DC Ink is knocking it out of the park with their original graphic novels for the YA audience! The next two coming up star Oracle and The Bat himself.
Marieke Nijkamp, whose book, This Is Where It Ends is still one of the most intense books I’ve ever read, brings her intensity to a creepy mystery in the Bat-Family universe. The Oracle Code centers on Barbara Gordon, (later known as Batgirl), hacker and daredevil daughter of Gotham’s own James Gordon. Deftly creating her own entry in the DC Otherworlds universe by having Barbara’s gunshot paralysis occur while witnessing a police chase a suspect – as opposed to being shot, point blank, by the Joker, as was established in the 1988 graphic novel, Batman: The Killing Joke – we get a younger, Barbara whose personality is still in adolescent flux, and will be formed by the events she experiences in The Oracle Code. Barbara enters the Arkham Center for Independence, delivered by her father, to learn how to navigate her new normal and undergo physical, mental, and emotional rehabilitation. Barbara is slow to come around, and we feel her anger and her despondence as powerfully as we feel her sense of loss. When she meets a fellow patient who insists her brother is also at Arkham, Barbara thinks, at first, that the girl is dealing with her own loss: until her gut tells her otherwise. Barbara opens up her own investigation, which could put her at even greater risk.
I loved The Oracle Code. Big shoutout to one of my favorite colorists, Jordie Bellaire, for creating a somber, almost sinister mood with Manuel Preitano’s fantastic artwork. The story builds as we wonder who’s reliable and who isn’t, and Barbara doesn’t escape judgement here, either. Seeing Barbara reclaim her agency is an incredible thing; readers will appreciate her frustration as she is blown off and questioned time and again. Another home run for DC Ink and for Marieke Nijkamp.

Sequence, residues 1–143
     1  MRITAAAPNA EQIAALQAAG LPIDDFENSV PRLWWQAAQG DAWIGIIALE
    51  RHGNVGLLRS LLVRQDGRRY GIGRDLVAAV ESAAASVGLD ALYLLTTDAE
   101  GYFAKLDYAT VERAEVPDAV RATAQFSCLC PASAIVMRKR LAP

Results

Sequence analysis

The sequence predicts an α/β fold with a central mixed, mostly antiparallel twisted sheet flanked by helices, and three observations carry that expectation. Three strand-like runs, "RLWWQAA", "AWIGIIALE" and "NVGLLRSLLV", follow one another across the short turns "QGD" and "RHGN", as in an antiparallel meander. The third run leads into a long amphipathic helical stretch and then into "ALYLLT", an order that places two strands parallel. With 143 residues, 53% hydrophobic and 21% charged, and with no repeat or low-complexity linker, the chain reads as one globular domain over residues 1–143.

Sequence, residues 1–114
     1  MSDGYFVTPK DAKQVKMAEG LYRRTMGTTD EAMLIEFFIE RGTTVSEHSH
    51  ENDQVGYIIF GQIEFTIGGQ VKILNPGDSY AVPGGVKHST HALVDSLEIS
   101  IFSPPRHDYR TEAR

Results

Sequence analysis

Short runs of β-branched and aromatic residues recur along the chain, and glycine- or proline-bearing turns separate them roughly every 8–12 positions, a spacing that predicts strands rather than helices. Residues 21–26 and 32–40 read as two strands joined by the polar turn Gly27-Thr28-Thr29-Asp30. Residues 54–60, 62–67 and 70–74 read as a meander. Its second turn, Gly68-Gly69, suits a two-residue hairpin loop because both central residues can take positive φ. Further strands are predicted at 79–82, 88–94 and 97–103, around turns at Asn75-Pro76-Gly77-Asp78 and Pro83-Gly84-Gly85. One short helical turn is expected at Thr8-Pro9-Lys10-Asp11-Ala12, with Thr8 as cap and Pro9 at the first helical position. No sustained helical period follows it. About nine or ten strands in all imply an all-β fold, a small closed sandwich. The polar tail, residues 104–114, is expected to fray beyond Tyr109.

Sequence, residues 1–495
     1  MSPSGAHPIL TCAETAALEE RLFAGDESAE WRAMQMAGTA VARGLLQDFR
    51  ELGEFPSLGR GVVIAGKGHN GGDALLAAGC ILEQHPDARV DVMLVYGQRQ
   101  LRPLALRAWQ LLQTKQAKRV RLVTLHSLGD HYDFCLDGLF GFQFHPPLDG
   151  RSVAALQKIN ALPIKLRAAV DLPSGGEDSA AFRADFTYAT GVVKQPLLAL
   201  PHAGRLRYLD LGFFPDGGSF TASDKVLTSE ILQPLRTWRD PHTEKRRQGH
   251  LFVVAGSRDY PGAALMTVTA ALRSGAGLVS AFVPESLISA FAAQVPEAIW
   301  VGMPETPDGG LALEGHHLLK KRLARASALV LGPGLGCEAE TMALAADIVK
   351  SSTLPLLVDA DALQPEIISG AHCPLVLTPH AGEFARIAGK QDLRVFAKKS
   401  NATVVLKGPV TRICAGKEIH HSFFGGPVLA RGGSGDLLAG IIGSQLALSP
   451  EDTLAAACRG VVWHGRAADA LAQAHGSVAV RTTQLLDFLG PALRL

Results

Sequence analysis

DC Superhero Girls writer and illustrator Shea Fontana and Marcelo Di Chiara turn their powers to a pre-Batman Bruce Wayne in Batman: Overdrive! Bruce Wayne, angry and struggling to come to terms with his parents’ deaths, turns his skills to detective work and automotive work: he decides to rebuild his dad’s first car. There’s an interesting new spin on his origin with Catwoman as the teen Bruce makes two new friends; Selina Kyle and Mateo Diaz, and we see young Bruce laying the foundation for the man who will become Batman.
Overdrive gives us a Bruce Wayne fraught with conflict. Alfred isn’t in his confidence yet; he pushes back and argues with him at every turn. He’s working through his anger and learning to trust here, and framed within the story of his father’s car, Batman: Overdrive is a solid Batman origin story. This skews toward a slightly younger audience in both writing and artwork; middle schoolers will enjoy this as much as a teen audience. Frustration with parents and a strong desire for freedom will resonate with all readers.